How We’re Learning
By Katye Riselli
“Hurry up and wait” is one of the phrases that best describes military life. Everything (and everyone) needs to be ready now, but then we wait.
There’s an element of waiting for all aspects of life in the military, but the most pronounced is the waiting to go. The only constant in our lives is change, so we live accordingly – poised to pack and leave as soon as someone gives the word. We’re ready, but we’re waiting to know exactly when and where.
I remember a few years ago when my perspective on waiting began to shift. My husband had been assigned to a one year, professional military education program, so we knew our time in Alabama would be brief. We anticipated news of our next assignment as early as February, so by mid-month, I began greeting my husband every evening with an expectant look, asking, “Any news yet?”
As the weeks passed, the calendar pages flipped from February to March and into April. I quit expecting good news. We’d heard too many rumors to put much credence in anything. We’d been told to expect the Pentagon. Then, maybe orders to Louisiana, but as we approached Easter, all certainty disappeared as helpful friends and mentors suggested three other possible states.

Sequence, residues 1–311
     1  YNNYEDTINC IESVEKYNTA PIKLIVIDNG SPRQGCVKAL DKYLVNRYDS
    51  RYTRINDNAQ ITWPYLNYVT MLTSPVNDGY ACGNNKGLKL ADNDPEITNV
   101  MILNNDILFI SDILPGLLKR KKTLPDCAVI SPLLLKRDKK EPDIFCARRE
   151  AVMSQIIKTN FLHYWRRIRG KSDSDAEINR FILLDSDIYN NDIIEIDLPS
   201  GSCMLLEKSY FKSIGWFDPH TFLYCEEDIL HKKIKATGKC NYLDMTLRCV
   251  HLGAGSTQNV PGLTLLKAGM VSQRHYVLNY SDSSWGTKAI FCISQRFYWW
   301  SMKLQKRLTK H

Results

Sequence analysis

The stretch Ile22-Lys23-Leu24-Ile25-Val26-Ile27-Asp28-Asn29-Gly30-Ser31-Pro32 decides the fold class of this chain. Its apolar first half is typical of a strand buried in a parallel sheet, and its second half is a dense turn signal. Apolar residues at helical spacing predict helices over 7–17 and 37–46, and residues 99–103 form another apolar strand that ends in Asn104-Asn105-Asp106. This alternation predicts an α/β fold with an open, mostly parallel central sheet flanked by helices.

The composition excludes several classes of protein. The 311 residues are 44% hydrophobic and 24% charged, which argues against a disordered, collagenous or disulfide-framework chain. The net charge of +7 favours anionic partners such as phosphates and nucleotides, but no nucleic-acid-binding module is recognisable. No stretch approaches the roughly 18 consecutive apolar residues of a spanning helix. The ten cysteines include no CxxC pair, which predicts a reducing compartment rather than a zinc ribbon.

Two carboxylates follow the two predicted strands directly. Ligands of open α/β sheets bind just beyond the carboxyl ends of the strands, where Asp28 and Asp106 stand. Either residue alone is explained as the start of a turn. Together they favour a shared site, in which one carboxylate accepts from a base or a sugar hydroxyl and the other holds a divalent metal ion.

The wait exhausted me. The quiet whisper in the back of my mind lured me to believe no news must mean bad news. A long wait for these orders could only mean a deployment or a remote assignment. Fear began to crowd out expectation and I steeled my heart for disappointment. If the best offense is a good defense, surely preparation for bad news would best equip me to endure the hardship tour. Dread replaced hope and I quit asking my husband if he’d heard anything.
In mid-April, 30 days before the end of my husband’s assignment, I attended the women’s Bible study at my church. The guest teaching our lesson was an older woman, in her 90s but full of life and a huge smile. She spoke with southern sass, confidently owning her age, unapologetic about her desire to arrive in heaven, free of the aches and pains of old age.
She opened her remarks by telling us she began each day by looking out the window at the sunrise, asking the Lord, “Is this the day?” Then she would recite Psalm 118:24, “This is the day that the Lord has made; let us rejoice and be glad in it.” Each day at her age is a gift, so if she woke up, she expected the Lord had a specific purpose for her in the day ahead. After all, she told us with a wink, it might be her last day so she couldn’t put off today with any promise of tomorrow.
“Age rekindles your sense of expectancy,” she shared. “But don’t wait to be my age to live like this.” As believers we live expectantly at all ages because we know Jesus. She pointed to the disciple Thomas who argued with Jesus, saying, “but we don’t know where you’re going.” Jesus’ simple response speaks volumes: “I AM the way.”